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Revert to original openssl on mac

456 Views 5 Replies Latest reply: Aug 7, 2012 5:22 AM by etresoft RSS
rajdeep.s.mann Calculating status...
Currently Being Moderated
Aug 6, 2012 1:20 PM

I have installed a new version of openssl(openssl-1.0.1b) on my mac due to some project requirements. But now if I try to verify mobileprovisions profiles using command

openssl smime -in "path of mobile provision profile" -inform der -verify

it fails with the message "unable to find local issuer certificate". I understand this happens because the new version of openssl cannot find certificates against which it should verify profiles. So my question is

Is there a workaround so that I can use the new version and still verify profiles or if not how can I get my original openssl back which was installed mac by default?

iMac, Mac OS X (10.7.3)
  • etresoft Level 7 Level 7 (23,920 points)
    Currently Being Moderated
    Aug 6, 2012 4:20 PM (in response to rajdeep.s.mann)

    How did you install the new version. It should have installed into /usr/local. If you put it elsewhere, your only option will be a reinstall of the OS.

  • Stijn Spijker Calculating status...
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    Aug 7, 2012 1:17 AM (in response to rajdeep.s.mann)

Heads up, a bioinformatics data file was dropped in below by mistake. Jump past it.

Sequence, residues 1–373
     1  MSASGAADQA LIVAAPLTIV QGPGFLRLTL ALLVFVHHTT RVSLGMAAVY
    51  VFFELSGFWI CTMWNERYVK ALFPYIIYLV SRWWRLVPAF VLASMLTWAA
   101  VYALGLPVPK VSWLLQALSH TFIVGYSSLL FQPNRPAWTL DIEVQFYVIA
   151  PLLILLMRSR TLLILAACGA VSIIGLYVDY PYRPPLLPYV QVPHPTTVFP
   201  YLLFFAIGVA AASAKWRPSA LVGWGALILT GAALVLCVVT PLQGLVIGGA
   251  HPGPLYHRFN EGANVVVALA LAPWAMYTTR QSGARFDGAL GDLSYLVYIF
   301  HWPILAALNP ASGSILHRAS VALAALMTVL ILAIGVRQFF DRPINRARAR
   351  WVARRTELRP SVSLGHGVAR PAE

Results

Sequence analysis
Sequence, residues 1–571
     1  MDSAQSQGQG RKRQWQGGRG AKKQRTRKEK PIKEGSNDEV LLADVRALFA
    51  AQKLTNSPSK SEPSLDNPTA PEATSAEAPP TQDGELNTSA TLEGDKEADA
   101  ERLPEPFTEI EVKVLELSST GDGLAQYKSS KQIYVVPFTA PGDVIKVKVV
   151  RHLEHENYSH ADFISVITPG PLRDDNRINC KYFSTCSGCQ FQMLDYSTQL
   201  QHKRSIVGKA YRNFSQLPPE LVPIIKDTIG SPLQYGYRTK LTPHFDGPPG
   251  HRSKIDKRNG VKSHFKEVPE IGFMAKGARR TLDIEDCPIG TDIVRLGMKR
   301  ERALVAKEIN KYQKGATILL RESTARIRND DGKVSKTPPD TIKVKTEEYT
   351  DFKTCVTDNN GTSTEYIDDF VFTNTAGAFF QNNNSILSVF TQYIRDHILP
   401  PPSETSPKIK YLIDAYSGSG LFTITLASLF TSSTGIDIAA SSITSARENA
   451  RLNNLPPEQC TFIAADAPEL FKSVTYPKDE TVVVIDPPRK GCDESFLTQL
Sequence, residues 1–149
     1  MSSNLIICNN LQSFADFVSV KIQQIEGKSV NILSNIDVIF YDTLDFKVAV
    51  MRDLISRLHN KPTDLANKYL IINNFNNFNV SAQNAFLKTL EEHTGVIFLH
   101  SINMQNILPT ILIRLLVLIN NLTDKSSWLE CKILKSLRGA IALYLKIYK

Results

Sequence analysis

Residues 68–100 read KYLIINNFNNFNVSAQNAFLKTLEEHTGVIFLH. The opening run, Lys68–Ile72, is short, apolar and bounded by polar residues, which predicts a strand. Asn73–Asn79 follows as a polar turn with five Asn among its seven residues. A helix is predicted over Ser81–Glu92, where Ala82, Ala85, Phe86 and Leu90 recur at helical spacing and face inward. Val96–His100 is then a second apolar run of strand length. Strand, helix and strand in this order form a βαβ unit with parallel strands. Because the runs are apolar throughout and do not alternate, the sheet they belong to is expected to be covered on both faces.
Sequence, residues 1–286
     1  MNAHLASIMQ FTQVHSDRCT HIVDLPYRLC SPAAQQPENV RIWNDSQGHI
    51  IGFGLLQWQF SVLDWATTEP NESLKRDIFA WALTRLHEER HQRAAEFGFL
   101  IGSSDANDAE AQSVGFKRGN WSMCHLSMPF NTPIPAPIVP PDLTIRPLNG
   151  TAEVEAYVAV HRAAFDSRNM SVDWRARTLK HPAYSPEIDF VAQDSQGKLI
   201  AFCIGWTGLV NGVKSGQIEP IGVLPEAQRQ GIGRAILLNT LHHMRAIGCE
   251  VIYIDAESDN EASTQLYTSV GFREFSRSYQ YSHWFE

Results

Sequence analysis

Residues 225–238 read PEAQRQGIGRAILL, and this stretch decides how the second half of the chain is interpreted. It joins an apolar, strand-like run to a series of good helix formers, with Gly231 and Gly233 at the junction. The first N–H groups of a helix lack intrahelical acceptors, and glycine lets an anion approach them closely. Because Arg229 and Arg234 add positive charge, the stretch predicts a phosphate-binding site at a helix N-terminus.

My (original, Mac OS 10.7.4) openssl was installed in /usr/bin, you can trace it by opening the terminal and executing "which openssl".


    If this does not point to /usr/bin/openssl, you could probably try verifying that the "original" (most likely) openssl still exists in /usr/bin/openssl by executing "file /usr/bin/openssl". This should return something like the following:


    /usr/bin/openssl: Mach-O universal binary with 2 architectures

    /usr/bin/openssl (for architecture x86_64):          Mach-O 64-bit executable x86_64

    /usr/bin/openssl (for architecture i386):          Mach-O executable i386


    If your "which" command points to another location then /usr/bin, and the file command verifies that the original binary is still in place, you could probably try to verify your mobile provisioning files with that.


    Instead of executing "openssl smime -in "path of mobile provision profile" -inform der -verify", execute it by calling the specific binary you want in the following manor:  "/usr/bin/openssl smime -in "path of mobile provision profile" -inform der -verify"


    If you want to go back to the old openssl binary permanently, you will have to remove the "new" openssl.

    If you installed the new openssl in /usr/bin (eg, the original binary does not exist anymore), then you'll have to find some other way to install the original openssl.


    Maybe you can link the tutorial / guide you followed to install your new openssl? This would help people here to determine what you actually did

  • etresoft Level 7 Level 7 (23,920 points)
    Currently Being Moderated
    Aug 7, 2012 5:22 AM (in response to rajdeep.s.mann)

    You will have to reinstall the operating system, sorry.


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